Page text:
“Thin” Algae in Competitive Environments, Is It Bad News for the Planet? | Ocean

Microalgae have a “secret” to success in competitive environments: they are able to “adjust” their size and metabolism to the circumstances in which they live. These evolutionary characteristics of species Dunaliella tertiolectawhich are part of the ocean’s phytoplankton, have been identified in a study led by Giulia Ghedini, senior researcher at the Gulbenkian Institute of Science, Oeiras.

The discovery, published in an article in the scientific journal Current Biology Review, provides clues to understand the behavior of these organisms in an increasingly warm ocean. With the climate crisis and the increase in the average temperature on Earth, environmental changes are occurring that modify the competition for the resources of the aquatic environment. And it can impact marine ecosystems, causing imbalances in both the food chain and oxygen production.

“We know that temperature normally makes species smaller and increases competition. We believe that the results of our study would be further exacerbated in a warmer ocean: cells would become smaller and metabolism would change to rapidly utilize available resources. If we find that other species of phytoplankton react in the same way, it means that oxygen production may drop – which is concerningGiulia Ghedini told PÚBLICO.

It is estimated that microalgae are responsible for the production of at least 50% of the oxygen present in the atmosphere, as they absorb carbon dioxide carbon and release oxygen during photosynthesis. The study conducted by the IGC researcher indicates that in denser environments, the metabolism of green microalgae can be 15% slower – which has implications for productivity during photosynthesis.

These single-celled beings are part of marine phytoplankton, a group of microscopic organisms that float in the ocean. It’s a fine example of collective power: once brought together, creatures invisible to the naked eye can even be observed from space. And together they form the base of the aquatic food chain.

compete for food

“The main question we are trying to answer in this study is: how do living things manage competition for food? This is a crucial question because it concerns all species. In ecology, there are different forms of interaction and you can never predict exactly what will happen,” explains Giulia Ghedini. The IGC researcher designed the study in collaboration with Dustin Marshall, a professor at Monash University in Australia.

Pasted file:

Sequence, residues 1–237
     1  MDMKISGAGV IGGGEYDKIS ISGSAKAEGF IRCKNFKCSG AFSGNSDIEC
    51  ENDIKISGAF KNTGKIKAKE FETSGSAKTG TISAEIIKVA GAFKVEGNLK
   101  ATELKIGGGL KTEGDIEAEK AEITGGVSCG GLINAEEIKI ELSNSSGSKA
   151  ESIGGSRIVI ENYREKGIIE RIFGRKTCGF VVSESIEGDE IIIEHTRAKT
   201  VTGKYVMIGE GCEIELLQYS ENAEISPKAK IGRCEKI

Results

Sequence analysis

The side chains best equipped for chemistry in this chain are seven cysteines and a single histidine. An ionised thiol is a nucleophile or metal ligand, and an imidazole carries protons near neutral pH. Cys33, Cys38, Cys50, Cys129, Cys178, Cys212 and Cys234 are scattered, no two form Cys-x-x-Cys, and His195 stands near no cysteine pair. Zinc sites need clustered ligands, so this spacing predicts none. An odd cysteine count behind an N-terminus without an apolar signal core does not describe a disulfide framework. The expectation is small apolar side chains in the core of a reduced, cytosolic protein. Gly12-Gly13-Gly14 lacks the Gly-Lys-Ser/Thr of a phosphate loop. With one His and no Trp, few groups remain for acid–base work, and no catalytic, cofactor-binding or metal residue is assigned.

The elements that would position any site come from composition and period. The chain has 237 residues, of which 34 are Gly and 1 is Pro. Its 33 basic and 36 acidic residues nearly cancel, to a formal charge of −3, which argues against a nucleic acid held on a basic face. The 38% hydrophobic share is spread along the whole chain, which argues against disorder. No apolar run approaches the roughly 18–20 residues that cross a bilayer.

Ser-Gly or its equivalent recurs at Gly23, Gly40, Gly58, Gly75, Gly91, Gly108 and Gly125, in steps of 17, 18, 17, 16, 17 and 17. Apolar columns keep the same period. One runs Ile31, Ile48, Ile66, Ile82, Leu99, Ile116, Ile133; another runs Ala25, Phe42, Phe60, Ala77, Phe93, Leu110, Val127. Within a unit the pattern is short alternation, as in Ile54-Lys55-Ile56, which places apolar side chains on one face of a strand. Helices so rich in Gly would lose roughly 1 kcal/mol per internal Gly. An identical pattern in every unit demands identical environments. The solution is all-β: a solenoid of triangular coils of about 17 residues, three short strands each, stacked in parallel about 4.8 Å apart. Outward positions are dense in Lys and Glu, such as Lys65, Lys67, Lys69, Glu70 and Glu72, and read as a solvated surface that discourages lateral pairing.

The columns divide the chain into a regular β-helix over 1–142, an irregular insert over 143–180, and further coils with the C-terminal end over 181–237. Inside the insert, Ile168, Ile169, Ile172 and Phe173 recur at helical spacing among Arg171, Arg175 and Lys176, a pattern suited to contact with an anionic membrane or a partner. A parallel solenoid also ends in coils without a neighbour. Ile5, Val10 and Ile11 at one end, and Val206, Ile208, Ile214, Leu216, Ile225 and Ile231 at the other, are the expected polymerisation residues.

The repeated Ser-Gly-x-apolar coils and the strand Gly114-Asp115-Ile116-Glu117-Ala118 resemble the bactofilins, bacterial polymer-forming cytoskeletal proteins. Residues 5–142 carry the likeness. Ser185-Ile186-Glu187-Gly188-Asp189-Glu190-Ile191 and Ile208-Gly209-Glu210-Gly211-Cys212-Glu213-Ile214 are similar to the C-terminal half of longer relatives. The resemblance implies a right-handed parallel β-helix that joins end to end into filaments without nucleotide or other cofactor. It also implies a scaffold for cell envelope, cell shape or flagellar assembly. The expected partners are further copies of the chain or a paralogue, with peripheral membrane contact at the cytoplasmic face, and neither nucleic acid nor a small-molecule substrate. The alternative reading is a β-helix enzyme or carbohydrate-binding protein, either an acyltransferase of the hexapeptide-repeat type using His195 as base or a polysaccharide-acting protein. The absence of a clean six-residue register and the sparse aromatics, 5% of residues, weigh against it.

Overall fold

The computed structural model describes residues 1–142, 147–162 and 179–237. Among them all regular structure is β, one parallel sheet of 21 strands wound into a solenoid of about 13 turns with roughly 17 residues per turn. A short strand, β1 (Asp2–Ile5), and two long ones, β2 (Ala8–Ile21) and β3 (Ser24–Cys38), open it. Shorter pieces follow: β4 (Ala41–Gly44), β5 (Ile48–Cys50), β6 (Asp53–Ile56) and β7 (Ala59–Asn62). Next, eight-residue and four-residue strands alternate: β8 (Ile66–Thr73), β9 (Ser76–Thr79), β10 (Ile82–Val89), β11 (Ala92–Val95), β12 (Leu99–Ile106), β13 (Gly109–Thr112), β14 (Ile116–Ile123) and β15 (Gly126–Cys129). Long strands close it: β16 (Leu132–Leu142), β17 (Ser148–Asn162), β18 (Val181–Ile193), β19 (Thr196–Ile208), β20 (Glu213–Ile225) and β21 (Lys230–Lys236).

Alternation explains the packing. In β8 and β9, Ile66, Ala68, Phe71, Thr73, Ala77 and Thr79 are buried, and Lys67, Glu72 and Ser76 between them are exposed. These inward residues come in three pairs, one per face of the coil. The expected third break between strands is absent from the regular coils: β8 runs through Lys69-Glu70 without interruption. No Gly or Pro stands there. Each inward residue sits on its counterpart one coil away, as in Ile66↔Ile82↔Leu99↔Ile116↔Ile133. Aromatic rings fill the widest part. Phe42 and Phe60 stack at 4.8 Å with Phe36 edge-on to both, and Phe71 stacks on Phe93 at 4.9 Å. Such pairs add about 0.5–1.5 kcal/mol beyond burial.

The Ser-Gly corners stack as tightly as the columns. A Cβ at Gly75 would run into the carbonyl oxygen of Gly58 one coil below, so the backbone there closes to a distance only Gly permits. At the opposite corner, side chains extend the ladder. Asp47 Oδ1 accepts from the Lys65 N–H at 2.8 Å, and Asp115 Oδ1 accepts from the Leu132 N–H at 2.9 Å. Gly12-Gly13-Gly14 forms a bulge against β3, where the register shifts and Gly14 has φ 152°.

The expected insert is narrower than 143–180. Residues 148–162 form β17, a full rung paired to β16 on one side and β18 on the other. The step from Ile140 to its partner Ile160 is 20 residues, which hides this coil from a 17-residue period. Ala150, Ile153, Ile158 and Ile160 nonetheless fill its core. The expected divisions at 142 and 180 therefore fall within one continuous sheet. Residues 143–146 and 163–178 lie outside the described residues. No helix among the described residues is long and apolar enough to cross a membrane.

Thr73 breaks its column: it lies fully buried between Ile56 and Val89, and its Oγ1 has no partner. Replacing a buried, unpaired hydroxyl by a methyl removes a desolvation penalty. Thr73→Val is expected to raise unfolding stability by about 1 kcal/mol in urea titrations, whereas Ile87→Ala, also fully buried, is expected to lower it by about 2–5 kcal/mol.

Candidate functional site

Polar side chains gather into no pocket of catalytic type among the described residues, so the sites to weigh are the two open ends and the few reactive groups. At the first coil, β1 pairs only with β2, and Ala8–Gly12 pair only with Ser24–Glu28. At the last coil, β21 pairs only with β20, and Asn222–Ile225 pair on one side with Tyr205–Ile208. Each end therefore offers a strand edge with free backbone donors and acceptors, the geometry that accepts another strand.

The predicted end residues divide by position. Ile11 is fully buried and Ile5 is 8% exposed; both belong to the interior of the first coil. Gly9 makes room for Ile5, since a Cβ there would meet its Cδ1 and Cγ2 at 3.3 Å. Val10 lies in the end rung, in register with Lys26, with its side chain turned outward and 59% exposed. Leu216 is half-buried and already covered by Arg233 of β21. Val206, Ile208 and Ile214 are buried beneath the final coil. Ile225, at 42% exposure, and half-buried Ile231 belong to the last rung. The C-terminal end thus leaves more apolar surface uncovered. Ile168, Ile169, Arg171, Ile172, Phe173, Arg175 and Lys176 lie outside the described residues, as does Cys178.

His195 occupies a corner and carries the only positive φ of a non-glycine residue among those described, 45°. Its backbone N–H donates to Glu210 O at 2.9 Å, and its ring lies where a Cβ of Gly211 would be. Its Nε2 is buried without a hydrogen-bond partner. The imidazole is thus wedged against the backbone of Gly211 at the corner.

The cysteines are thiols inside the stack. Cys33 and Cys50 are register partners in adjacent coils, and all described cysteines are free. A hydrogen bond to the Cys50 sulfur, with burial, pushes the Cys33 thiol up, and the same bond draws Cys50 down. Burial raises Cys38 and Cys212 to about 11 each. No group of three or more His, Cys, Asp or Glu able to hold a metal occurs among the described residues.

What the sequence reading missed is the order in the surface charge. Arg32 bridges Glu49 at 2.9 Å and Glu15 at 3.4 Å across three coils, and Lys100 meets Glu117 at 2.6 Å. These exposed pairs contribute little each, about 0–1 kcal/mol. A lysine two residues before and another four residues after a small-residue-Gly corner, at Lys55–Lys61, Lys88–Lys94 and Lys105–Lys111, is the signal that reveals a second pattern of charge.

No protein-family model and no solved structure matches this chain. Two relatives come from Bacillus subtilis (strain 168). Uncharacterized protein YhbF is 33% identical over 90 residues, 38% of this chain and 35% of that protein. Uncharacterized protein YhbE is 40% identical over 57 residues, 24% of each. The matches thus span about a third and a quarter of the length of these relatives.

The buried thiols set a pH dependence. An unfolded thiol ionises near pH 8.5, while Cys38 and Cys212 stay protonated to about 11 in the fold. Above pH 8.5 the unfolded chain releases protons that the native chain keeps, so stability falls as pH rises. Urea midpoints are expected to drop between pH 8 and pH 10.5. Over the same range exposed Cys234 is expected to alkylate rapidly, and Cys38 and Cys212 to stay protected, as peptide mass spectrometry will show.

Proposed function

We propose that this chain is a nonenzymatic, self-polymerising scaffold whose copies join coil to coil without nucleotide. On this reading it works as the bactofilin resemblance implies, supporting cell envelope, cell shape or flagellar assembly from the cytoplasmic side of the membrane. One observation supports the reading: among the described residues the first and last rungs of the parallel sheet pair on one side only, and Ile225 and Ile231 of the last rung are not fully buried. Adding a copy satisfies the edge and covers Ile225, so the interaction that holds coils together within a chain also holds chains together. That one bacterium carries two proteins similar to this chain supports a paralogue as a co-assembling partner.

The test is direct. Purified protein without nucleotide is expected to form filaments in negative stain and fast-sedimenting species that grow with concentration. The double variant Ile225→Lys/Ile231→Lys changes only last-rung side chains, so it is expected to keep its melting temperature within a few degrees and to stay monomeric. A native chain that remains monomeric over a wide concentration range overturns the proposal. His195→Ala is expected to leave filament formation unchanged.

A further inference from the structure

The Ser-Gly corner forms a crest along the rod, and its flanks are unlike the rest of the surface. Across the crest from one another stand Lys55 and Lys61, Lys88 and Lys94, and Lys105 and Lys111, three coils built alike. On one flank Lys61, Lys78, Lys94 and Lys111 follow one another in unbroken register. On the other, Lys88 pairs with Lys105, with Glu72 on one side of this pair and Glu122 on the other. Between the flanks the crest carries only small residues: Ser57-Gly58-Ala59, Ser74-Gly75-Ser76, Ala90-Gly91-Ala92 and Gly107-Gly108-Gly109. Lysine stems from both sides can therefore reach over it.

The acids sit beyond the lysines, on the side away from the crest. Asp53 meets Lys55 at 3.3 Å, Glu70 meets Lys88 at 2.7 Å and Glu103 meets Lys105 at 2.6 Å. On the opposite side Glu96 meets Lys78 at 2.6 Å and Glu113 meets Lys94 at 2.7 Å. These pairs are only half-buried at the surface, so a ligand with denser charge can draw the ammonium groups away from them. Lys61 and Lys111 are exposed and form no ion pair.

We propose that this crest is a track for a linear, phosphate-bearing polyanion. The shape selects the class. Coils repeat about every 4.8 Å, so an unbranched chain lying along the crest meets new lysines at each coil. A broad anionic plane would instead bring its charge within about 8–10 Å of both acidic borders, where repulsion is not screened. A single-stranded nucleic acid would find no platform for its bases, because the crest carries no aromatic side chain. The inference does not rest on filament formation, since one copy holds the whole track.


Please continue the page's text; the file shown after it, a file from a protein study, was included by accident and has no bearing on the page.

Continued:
The objective of the duo of scientists was to test the hypotheses of the metabolic theory, which predicts that competition conditions the evolution of the size and metabolism of living beings. Until today, the IGC statement states, this conjecture had not yet been “widely tested, especially in communities where organisms have to compete with several species”.

To test the hypothesis, the pair of scientists assessed what are the physiological characteristics of green microalgae that evolve when this species (Dunaliella tertiolecta) faces competition from others for food.

The study followed the evolution of this organism over ten weeks (which is equivalent to about 70 generations, since green microalgae “evolve rapidly”). During this period, it was observed Dunaliella tertiolecta in three different contexts: 1) the green microalga alone (therefore without competition), 2) cohabiting with a population of the same species and 3) with a community composed of three other species of phytoplankton.

“What we have found is that these organisms expend different amounts of energy depending on the competition that exists. It is this metabolic plasticity that evolves in microalgae. This is important because it means the species can thrive in different conditions. When food is plentiful, the metabolism is very fast. However, when resources are scarce, the metabolic system tends to slow down, compared to species that were not in competition,” explains the scientist in a call video.

flexible metabolism

Scientists have evaluated the long-term effects of this flexible metabolism and found it to be a good thing. “This metabolic plasticity gives these cells the ability to grow rapidly when population densities are low. […] and be effective when populations are dense […]. The best of both worlds! Smart cells! wrote co-writer Dustin Marshall on Twitter.

In part, the study’s conclusion helps to understand how single-celled species survive and grow rapidly even under adverse conditions. However, this metabolic plasticity has a price: what green microalgae gain in efficiency they lose in cell size.

“What we have identified as less positive is that there have been changes in the size of the organism, which tends to become smaller. From our perspective, this reduction in body mass n isn’t fantastic. Phytoplankton is at the base of the food chain: if there is less biomass, there is less food for fish, for example. And this also means a reduction in productivity, given the role of phytoplankton in oxygen production,” explains Giulia Ghedini.

The scientist points out that the study was conducted with a single species and therefore this conclusion cannot be extrapolated to other species of phytoplankton. “This knowledge is important because it gives us a framework to test how this metabolic response occurs in other species”, observes the researcher, who now aims to deepen this work and analyze the behavior of other aquatic organisms that make up marine phytoplankton.

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